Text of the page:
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Oppression Leads to Expression: Tibetan Art

What do you know about Tibet? I’m betting it’s not from what you’ve seen in the headlines about the small Asian country – because there haven’t been any. I have to admit, I am somewhat ignorant of the state of affairs in the country. Tibet has been under military occupation of China since 1951.

Tibet, www.abbeytreks.com

Tibet is largely isolated from the Western world. What we don’t see is that each day the lives of Tibetans are under attack. Past basic human rights violations, sources of pride and culture like the Tibetan flag and national anthem, are banned. Possessing a photo of the Dalai Lama can result in imprisonment, or torture. Expressing ones desire for freedom will result in detainment, and even torture.

Rabkar Wangchuk, Spiritual Mind and Modern Technology, 2013, acrylic on canvas, 78 x 48 inches, The Shelley and Donald Rubin Private Collection

So it is with excitement and haste that the Art World sees one of the the first Tibetan Art Exhibitions to come to the United States. From a country whose message we rarely hear, we may hear their voices perhaps only through their art. Curator Rachel Perera Weingeist reached out to Tibetan artists all over the world to create the exhibition, “Anonymous: Contemporary Tibetan Art.” Creating the show as an anonymous comment from Tibetan artists, Weingeist believed more artists would be able to freely express what they experience under military oppression without fear of later consequences. To her surprise, the artists still chose to sign their names to each work, wanting to stand behind the image of Tibet they have chosen to share.

Anonymous: Tibetan Contmporary Art, absolutearts.com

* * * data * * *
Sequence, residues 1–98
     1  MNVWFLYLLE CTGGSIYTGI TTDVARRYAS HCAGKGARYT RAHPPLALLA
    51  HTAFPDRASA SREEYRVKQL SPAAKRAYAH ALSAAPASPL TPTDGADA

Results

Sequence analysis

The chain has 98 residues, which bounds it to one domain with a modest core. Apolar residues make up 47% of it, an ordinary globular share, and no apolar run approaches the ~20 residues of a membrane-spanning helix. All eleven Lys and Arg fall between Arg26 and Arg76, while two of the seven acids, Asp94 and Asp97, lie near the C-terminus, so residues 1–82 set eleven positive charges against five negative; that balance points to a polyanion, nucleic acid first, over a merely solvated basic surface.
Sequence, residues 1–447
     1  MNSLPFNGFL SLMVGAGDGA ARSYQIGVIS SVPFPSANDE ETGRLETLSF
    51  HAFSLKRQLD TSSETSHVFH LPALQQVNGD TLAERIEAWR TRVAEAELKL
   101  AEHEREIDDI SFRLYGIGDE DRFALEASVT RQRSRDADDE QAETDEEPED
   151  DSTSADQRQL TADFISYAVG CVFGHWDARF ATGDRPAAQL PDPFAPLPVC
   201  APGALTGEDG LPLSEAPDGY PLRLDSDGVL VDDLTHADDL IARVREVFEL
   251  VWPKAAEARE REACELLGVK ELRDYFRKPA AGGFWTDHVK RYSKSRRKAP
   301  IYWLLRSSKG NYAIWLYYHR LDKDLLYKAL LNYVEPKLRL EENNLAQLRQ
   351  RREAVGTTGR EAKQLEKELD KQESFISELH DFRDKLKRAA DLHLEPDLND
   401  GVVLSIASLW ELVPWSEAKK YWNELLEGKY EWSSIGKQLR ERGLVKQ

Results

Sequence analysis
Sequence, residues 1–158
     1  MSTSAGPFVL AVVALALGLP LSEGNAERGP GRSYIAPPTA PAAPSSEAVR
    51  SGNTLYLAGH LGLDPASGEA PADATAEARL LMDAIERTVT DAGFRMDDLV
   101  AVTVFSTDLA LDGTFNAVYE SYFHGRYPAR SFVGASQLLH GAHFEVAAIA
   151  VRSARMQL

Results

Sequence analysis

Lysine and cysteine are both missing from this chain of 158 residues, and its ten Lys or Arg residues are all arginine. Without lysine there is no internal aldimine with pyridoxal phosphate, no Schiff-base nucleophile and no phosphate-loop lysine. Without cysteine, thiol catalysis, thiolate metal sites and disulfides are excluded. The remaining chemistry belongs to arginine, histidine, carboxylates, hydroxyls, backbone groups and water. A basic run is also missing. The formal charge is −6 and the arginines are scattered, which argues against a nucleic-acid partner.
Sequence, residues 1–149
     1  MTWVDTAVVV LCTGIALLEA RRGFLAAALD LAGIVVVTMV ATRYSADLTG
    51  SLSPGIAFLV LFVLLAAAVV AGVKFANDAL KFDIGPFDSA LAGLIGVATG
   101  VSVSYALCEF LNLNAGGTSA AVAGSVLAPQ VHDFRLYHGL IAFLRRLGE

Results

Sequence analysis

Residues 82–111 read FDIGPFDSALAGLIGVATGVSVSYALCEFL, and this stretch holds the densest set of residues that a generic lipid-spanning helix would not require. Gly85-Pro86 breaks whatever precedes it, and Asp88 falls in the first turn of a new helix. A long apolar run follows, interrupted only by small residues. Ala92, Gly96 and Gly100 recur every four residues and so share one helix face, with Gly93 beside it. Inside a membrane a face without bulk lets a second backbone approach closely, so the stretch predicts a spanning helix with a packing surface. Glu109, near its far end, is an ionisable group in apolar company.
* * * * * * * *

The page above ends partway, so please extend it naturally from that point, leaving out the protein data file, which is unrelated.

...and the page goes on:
The show is a candid reflection of modern Tibetan life featuring more than 50 sculptural works, paintings, mixed media, and film from 27 different artists. A vast majority of the exhibition’s themes center around the conflict between the Chinese and Tibetan governments. Under Chinese regime, Tibetan names are not even recognized to exist. On official identification, Tibetan names are replaced with “First Name Unknown” or “XXX.” This is the subject of one artist’s work in the exhibit, photographing an Identification Card, with all of the information complete, less the name, which reads “XXX.”

Jhamsang , "Mr. XXX," 2010, shambhalasun.com

As Stephanie Strasnick reports for ARTNews, the exhibition has at times a solemn tone, with still seeing hope in some of the artworks. Much of the work is a comment on the merging of the traditional Tibetan arts culture and the contemporary images we know in the Western world today.


Kesang Lamdark, "Dorge Drakkten", 2012, www.newpaltz.edu

Kesang Lamdark, "Dorge Drakkten and Kiss", 2012, shambhalasun.com

Funding and a majority of the artworks were generously loaned to the exhibition by Shelley and Donald Rubin, who donated a vast collection of Himalayan art to the Rubin Museum of Art in New York. “Anonymous: Contemporary Tibetan Art” is on view at the Dorsky Museum at SUNY New Paltz through December 15 and will travel to the Fleming Museum at the University of Vermont and the
 Queens Museum of Art in New York next year.


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